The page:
Matrix Marketing rebrand

Repositioning Matrix Marketing for a deeper connection to the retail marketing manager.
New Matrix Marketing logo.

New Matrix Marketing logo.

Matrix Marketing embarked on a process to rebrand the company early in 2015 to strategically position against our competition and to solve some perception issues with our legacy brand.

Matrix’s previous logo was a hand print with dots over each finger. It was clear to me that this was holding us back from sales, and not reflecting our values and the value of our service. The hand implied: “keep away!”

I performed and presented a competitive review, and our competition was focused on vertical integration. My proposition was to strategically differentiate Matrix as having superior customer service. This was based upon getting to know our customers and their needs; the marketing managers and merchandising people we work with value a company that could execute projects without taking a lot of their time. This allows them to take on more projects and get more results for their company. There was no way the legacy logo was positioning us that way.

The process started with the competitive review, identifying the key differentiator, and agreeing on a list of descriptors. The descriptors ended up being: friendly, trustworthy, and creative. If we could design a branding package that could be described as these things, the project was a success.


Strategic repositioning.

I looked at other business to business brands that were considered friendly, trustworthy and creative; Microsoft was a key one, and we looked at how they were achieving this in their branding. We identified things like bright colours, logos / icons with 1 colour shapes, and light fonts.

My design team and I created a first round of concepts with these lessons. These initial concepts did not win over key decision makers; they wanted to keep the hand. To respond, we earnestly designed the best logo concepts with a hand theme, but it was just not presenting the way we wanted to be perceived. This was enough to convince the decision makers to abandon the hand, but it was clear we needed a process that would help people feel included and foster buy in. I hosted two brainstorming sessions back to back: the first determining descriptors for the company’s brand, and second to generate logo concepts. Everyone participated, and voted on their favourite concepts after the design team refined them.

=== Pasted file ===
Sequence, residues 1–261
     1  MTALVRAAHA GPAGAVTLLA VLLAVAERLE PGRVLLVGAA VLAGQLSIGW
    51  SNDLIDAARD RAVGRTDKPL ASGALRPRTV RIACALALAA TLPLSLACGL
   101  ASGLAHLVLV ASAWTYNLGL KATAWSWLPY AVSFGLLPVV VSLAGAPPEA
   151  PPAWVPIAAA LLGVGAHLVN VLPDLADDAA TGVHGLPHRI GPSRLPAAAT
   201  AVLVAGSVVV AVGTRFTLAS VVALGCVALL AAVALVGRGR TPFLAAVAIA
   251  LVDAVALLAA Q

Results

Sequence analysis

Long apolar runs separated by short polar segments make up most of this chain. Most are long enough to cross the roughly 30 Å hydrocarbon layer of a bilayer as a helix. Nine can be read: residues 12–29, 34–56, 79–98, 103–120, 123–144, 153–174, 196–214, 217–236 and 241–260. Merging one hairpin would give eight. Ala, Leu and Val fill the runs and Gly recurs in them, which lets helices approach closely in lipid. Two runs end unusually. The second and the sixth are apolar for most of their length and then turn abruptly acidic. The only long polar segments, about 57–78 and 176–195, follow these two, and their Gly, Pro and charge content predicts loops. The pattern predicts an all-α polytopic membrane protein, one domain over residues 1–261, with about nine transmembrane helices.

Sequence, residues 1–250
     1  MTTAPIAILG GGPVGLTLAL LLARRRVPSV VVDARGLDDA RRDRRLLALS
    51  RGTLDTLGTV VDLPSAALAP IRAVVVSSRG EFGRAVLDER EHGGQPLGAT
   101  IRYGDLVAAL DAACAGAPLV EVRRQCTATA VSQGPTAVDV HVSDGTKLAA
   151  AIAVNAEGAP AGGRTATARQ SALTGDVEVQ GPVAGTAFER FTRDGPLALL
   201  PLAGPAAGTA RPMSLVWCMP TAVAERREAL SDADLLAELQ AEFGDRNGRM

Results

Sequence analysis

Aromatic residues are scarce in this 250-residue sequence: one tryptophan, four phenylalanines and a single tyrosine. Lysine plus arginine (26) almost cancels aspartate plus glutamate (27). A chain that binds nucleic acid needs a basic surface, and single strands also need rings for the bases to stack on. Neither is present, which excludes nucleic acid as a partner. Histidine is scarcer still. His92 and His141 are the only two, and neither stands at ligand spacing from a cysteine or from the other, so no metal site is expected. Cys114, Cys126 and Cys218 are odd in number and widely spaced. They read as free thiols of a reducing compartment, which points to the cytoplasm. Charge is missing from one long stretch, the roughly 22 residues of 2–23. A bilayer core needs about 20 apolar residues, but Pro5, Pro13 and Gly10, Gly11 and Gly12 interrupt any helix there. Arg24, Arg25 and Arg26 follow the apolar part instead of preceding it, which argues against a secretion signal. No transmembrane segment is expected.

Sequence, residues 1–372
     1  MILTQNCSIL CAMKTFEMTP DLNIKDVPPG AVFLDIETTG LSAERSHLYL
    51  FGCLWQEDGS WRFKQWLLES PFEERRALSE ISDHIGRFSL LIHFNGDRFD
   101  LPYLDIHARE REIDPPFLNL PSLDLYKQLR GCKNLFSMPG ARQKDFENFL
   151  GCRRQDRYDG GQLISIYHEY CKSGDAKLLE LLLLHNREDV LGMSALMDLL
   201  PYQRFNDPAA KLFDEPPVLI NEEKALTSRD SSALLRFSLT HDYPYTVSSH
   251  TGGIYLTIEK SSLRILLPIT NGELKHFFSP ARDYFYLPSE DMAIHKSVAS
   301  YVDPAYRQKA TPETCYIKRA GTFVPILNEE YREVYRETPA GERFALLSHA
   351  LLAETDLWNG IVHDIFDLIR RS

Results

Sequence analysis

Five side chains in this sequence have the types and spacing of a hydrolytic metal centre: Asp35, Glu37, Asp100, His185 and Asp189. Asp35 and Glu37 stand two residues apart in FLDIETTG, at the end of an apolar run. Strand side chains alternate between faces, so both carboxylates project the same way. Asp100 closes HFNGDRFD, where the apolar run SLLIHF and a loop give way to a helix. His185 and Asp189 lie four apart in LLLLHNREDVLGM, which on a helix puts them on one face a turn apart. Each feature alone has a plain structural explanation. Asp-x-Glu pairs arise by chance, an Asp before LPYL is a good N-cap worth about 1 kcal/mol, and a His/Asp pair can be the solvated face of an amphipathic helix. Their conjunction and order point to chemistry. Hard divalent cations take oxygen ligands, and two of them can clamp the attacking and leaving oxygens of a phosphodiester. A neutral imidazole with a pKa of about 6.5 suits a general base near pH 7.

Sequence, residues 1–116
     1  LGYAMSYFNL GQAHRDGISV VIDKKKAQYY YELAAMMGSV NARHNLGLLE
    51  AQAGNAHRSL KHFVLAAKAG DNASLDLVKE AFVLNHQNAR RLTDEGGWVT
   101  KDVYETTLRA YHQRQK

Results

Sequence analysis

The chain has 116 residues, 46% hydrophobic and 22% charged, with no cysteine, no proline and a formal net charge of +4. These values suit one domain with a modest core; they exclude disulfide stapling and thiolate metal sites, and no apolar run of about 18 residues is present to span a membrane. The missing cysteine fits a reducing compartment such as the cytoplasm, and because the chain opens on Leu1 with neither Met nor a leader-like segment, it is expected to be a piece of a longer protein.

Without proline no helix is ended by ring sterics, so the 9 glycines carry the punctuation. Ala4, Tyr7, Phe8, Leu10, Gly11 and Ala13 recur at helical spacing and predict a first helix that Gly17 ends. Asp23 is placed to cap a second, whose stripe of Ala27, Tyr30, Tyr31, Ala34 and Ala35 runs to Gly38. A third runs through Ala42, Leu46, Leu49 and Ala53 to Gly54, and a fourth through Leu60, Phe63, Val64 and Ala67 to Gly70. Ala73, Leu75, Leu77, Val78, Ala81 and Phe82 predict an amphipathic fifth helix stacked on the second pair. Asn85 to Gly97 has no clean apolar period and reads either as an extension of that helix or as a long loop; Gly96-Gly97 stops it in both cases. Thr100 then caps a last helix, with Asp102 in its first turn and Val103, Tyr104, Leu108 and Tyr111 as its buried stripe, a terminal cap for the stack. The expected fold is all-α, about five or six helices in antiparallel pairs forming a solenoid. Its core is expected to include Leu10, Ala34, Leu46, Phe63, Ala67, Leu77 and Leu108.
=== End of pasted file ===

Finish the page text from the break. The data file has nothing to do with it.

Using the feedback from the staff, decision makers chose two logos. The design team created the entire brand around them: business cards, letter heads, website home pages, mugs and pens. This allowed the final decision makers to see the logo in context. We chose the most friendly, trustworthy and creative concept, which is what you see below. We used the concept for everything nearly exactly, but we still needed to design many pieces. We designed a brand book to align the team.

To announce the change to our clients, we sent our an announcement card with our Christmas card distribution. The announcement card used NFC and a short link to send people to an announcement video I produced. The Christmas cards also followed the new brand.

The team and I designed:
  • CMYK logo
  • RGB logo
  • 1 colour logo
  • Business cards (featuring embossment and spot gloss)
  • Letter head
  • White papers
  • Excel templates
  • Print standards
  • Facebook fan page
  • Linked In company page
  • Twitter page
  • YouTube channel
  • Christmas card
  • Brand announcement mailer
  • Brand announcement video

Collage for Pinterest. Please pin!


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